Public/Private Ventures (P/PV)

Legacy Collection

Innovation. Research. Action.

After almost 35 years Public/Private Ventures (P/PV) has ceased operations. The organization leaves behind an incredible legacy of knowledge, including hundreds of research reports, case studies and evaluations about how best to improve programs and outcomes for children, youth and families. We are fortunate that P/PV has decided to archive its publications collection with the Foundation Center's IssueLab so that practitioners can benefit from this knowledge for years to come.

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Building from the Ground Up: Creating Effective Programs to Mentor Children of Prisoners (The Amachi Model)

July 30, 2005

Drawing from P/PVs five years of hands-on experience designing and implementing Amachi programs around the country, Building From The Ground Up describes best practices for planning, developing and managing a mentoring-children-of-prisoners program. This guidebook is essential for learning the professional procedures, standards and administrative tools required to have an effective program.

Amachi: Mentoring Children of Prisoners in Philadelphia

June 30, 2003

A unique partnership of secular and faith-based institutions, Amachi recruits volunteers from congregations to mentor children of prisoners. During its first two years in operation, the program generated more than 550 adult-child matches. This report explores the implications of the Amachi experience for policymakers, funders, and others interested in starting similar programs. It describes the Amachi model and traces the steps involved in moving from plan to reality, focusing on approaches for recruiting children, pastors, and volunteers. It also examines mentors' successes and challenges, along with the program infrastructure designed to support and monitor matches. In addition, the report presents data on program quality and effectiveness.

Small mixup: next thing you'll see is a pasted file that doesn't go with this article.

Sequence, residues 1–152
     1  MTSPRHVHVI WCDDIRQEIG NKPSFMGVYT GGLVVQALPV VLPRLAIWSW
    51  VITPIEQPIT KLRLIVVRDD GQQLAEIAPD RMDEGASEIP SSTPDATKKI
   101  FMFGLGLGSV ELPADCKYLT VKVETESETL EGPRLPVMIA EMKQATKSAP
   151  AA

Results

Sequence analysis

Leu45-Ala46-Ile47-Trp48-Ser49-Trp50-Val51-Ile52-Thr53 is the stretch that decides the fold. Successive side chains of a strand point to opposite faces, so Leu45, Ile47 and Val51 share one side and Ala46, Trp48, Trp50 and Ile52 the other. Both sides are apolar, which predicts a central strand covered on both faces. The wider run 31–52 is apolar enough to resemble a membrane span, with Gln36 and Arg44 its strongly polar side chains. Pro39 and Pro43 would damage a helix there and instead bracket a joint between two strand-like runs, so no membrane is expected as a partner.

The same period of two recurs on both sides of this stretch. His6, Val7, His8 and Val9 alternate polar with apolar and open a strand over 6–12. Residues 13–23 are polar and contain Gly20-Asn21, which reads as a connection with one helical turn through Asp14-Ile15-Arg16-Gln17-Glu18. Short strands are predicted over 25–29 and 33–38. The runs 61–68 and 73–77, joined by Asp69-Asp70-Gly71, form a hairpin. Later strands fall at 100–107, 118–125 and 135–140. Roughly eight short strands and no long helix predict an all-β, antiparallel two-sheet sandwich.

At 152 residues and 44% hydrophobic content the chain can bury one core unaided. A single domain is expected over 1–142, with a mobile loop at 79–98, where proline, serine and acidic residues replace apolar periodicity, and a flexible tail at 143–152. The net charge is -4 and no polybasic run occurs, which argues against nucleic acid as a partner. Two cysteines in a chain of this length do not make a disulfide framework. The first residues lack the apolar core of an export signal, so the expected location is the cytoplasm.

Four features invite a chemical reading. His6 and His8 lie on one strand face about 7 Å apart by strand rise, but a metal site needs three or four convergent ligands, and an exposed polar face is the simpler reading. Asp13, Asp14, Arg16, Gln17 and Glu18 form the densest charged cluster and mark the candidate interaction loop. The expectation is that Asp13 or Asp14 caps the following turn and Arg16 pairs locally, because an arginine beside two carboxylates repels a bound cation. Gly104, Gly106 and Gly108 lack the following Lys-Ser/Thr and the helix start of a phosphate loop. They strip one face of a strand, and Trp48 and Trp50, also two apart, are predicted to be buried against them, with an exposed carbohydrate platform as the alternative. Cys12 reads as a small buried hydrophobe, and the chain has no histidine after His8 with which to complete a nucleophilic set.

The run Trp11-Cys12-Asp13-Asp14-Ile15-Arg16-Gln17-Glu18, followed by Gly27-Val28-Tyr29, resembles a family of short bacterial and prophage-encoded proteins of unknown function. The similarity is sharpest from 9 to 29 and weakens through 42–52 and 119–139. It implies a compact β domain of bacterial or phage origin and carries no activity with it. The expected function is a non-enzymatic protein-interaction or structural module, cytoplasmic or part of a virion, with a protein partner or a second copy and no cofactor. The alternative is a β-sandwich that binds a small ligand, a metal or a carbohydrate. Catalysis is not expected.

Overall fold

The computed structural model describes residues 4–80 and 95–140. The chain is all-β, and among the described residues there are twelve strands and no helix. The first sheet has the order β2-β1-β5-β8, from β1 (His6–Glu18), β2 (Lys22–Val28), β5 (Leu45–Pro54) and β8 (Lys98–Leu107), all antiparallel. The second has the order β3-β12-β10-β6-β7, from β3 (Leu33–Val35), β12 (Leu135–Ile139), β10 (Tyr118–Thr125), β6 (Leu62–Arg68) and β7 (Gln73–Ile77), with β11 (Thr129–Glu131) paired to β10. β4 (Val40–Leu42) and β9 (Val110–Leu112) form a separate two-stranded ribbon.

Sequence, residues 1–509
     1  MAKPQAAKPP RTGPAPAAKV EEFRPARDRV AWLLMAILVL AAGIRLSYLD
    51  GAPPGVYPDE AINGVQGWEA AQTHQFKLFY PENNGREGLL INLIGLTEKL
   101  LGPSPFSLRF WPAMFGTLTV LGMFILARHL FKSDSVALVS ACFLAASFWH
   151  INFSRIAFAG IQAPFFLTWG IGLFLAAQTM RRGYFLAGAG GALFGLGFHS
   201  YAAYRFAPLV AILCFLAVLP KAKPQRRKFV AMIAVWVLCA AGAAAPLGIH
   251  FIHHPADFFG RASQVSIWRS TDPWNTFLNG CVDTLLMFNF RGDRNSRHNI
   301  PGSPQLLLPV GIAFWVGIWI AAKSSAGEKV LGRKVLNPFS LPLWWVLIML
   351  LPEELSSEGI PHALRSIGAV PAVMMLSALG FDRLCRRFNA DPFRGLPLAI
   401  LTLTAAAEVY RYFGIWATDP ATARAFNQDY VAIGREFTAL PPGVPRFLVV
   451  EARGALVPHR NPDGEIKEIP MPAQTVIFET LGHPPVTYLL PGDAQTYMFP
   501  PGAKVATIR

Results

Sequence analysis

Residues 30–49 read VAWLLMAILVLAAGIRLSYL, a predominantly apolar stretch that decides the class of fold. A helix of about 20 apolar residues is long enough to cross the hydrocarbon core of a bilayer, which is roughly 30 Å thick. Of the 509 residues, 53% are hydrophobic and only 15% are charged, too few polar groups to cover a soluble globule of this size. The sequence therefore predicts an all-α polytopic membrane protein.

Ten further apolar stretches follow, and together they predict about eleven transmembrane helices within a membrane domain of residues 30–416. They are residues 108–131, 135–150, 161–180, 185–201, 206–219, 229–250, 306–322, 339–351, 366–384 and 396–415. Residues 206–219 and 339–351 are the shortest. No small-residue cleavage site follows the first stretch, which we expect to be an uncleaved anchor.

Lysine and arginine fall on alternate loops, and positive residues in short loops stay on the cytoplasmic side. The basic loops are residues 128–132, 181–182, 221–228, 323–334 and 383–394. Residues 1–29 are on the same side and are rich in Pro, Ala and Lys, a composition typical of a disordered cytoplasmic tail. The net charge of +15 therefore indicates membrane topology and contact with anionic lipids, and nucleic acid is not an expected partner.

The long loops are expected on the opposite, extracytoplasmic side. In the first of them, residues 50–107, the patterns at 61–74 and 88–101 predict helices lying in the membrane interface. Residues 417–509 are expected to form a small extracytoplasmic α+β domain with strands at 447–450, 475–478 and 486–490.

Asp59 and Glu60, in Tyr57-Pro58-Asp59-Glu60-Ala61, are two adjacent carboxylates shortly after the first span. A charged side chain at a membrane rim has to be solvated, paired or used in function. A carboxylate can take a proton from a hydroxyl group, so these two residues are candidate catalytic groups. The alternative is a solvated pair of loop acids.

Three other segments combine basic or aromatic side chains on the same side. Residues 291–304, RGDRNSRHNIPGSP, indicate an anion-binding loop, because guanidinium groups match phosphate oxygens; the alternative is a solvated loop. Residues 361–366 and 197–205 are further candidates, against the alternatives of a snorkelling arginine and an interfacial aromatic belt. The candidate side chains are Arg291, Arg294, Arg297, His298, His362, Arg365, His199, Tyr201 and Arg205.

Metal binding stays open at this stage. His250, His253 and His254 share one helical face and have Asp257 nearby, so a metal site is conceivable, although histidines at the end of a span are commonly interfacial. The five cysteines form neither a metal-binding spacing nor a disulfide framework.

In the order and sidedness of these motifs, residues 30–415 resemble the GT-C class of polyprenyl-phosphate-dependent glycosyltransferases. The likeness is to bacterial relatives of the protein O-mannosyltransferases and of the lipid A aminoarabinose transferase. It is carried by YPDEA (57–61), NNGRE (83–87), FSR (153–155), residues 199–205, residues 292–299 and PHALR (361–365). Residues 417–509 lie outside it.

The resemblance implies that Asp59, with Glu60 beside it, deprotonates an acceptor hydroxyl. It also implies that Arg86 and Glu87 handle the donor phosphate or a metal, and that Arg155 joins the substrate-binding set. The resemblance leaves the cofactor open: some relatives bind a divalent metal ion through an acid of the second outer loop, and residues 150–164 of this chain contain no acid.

Mustering the Armies of Compassion in Philadelphia

February 5, 2002

The role of faith-based organizations in meeting the most pressing needs in America's poorest neighborhoods has been the subject of national debate over the past several years. However, few reports have carefully examined these organizations' performance. Mustering the Armies of Compassion in Philadelphia takes a detailed look at a group of faith-based organizations running a literacy program, Youth Education for Tomorrow (YET). Mustering examines the programs' start-up, relatively consistent classroom results, and their many reactions to partnership with a secular organization. Ultimately, the YET Center program shows that with a clear model and sufficient support and oversight, a large and diverse group of independent faith-based organizations can collectively provide a demonstrably effective service.

Vacancy Reassessed

October 30, 1999

Since 1950, Philadelphia's population has been declining dramatically, by more than 30 percent. This rapid depopulation has led to the vacancy and abandonment of a large number of unmanaged residential lots and buildings. The future of Philadelphia rests on its ability to manage this decline, and in 1999, efforts were fragmented. This report highlights the barriers that many faced in trying to access vacant property and provides recommendations for a more strategic vision so that the city can create a significant and lasting impact.